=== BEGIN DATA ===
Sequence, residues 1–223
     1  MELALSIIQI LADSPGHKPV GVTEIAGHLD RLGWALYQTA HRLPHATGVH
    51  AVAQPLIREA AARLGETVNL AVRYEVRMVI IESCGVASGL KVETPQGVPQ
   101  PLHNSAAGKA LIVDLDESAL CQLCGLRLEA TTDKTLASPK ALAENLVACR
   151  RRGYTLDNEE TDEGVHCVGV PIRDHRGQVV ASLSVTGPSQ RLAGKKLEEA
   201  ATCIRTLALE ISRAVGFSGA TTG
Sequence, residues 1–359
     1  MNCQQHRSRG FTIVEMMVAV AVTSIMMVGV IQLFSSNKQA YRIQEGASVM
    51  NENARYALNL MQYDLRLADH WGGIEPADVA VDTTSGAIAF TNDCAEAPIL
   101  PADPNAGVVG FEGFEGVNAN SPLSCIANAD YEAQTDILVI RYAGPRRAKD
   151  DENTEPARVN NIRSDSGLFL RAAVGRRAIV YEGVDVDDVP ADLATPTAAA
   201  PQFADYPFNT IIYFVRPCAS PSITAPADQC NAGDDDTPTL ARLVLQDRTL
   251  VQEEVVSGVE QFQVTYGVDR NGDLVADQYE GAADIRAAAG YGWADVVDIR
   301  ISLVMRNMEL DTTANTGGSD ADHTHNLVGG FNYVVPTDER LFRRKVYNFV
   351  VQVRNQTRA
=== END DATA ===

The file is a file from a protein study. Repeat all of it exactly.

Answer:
Sequence, residues 1–223
     1  MELALSIIQI LADSPGHKPV GVTEIAGHLD RLGWALYQTA HRLPHATGVH
    51  AVAQPLIREA AARLGETVNL AVRYEVRMVI IESCGVASGL KVETPQGVPQ
   101  PLHNSAAGKA LIVDLDESAL CQLCGLRLEA TTDKTLASPK ALAENLVACR
   151  RRGYTLDNEE TDEGVHCVGV PIRDHRGQVV ASLSVTGPSQ RLAGKKLEEA
   201  ATCIRTLALE ISRAVGFSGA TTG
Sequence, residues 1–359
     1  MNCQQHRSRG FTIVEMMVAV AVTSIMMVGV IQLFSSNKQA YRIQEGASVM
    51  NENARYALNL MQYDLRLADH WGGIEPADVA VDTTSGAIAF TNDCAEAPIL
   101  PADPNAGVVG FEGFEGVNAN SPLSCIANAD YEAQTDILVI RYAGPRRAKD
   151  DENTEPARVN NIRSDSGLFL RAAVGRRAIV YEGVDVDDVP ADLATPTAAA
   201  PQFADYPFNT IIYFVRPCAS PSITAPADQC NAGDDDTPTL ARLVLQDRTL
   251  VQEEVVSGVE QFQVTYGVDR NGDLVADQYE GAADIRAAAG YGWADVVDIR
   301  ISLVMRNMEL DTTANTGGSD ADHTHNLVGG FNYVVPTDER LFRRKVYNFV
   351  VQVRNQTRA